I’m out on the sidewalk in front of the Turkish vegetable market in the Susannenstrasse in Hamburg, bending over for a closer look at a crate of figs. It’s mid-January, late afternoon, cold and gray. In another hour it will be dark. The figs are green and purple and coated with a fine gray fuzz. It’s the fine gray fuzz that has my attention, conveying as it does a climate much more benign than Hamburg, Germany, now deep in the throes of winter. The fuzz looks incredibly soft and fragile, summery and gentle, and above all, transitory. It’s more like a state of mind than a state of being.
Being. That’s what I’m thinking about as I go inside to pay for the eggplants, shitake mushrooms, red chilies and figs that I’ve chosen. Being as a context in which everything is located, be it forever or even for a while. The young Turkish girl at the cash register is beautiful. Beautiful enough to be a model, or a movie star, or a pop star. But she’s just the cashier in a Turkish vegetable market where I happen to be shopping and that makes her all the more beautiful.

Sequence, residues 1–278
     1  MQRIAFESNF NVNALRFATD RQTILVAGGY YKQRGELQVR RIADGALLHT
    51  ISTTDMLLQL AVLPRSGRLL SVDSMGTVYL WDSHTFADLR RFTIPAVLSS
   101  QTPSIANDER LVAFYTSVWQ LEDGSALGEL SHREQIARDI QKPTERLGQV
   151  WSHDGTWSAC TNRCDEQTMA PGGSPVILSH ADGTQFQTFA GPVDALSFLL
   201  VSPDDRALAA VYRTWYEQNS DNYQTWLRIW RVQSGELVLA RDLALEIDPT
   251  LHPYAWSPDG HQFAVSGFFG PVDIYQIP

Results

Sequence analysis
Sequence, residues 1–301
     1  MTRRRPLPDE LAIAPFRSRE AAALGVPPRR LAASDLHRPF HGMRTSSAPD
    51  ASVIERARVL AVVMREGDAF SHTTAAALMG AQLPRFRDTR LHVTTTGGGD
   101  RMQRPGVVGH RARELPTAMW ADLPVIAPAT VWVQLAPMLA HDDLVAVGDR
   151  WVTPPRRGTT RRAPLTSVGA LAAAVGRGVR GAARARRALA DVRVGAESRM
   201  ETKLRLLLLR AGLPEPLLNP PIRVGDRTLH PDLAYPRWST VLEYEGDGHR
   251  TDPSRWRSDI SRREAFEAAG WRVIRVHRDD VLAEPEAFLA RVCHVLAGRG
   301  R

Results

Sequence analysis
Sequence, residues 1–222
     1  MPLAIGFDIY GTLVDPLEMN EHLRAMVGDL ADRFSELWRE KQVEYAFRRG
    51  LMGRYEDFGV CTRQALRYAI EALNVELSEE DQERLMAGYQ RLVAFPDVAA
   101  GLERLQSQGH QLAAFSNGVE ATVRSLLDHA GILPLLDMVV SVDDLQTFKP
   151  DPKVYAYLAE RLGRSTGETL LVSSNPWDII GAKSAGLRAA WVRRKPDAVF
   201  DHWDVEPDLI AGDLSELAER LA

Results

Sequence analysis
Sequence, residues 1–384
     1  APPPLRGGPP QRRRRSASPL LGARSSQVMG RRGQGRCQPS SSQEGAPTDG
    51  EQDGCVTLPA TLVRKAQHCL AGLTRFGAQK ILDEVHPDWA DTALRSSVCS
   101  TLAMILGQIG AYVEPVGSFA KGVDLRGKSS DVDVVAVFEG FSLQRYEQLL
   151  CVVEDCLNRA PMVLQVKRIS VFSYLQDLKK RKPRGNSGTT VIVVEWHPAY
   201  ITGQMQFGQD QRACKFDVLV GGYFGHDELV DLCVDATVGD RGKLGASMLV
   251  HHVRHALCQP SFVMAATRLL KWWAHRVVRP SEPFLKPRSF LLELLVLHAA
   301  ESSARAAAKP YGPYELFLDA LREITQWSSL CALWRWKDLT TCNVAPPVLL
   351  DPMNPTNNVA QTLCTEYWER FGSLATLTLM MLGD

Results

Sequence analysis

Beauty and fig-fuzz. That’s what I’m thinking about as I step outside and turn up the Susannenstrasse, flipping up my collar against an icy wind that must be blowing down the Elbe from somewhere in the frosty northeast. Beauty and fig-fuzz. Two concepts√É¬≥one abstract, one concrete√É¬≥but both ultimately finite. And it’s the finite that’s doomed to disappear, while the infinite neither comes nor goes.
Coming and going. That’s what I’m thinking about going up the street with the Siberian wind at my back, in a state of mind more infinite than finite, taking everything in yet keeping nothing for itself, here and now and everywhere at once, forever and for a while, transitory as fine gray fig-fuzz, evanescent and everlasting as the cashier’s beautifully carved face.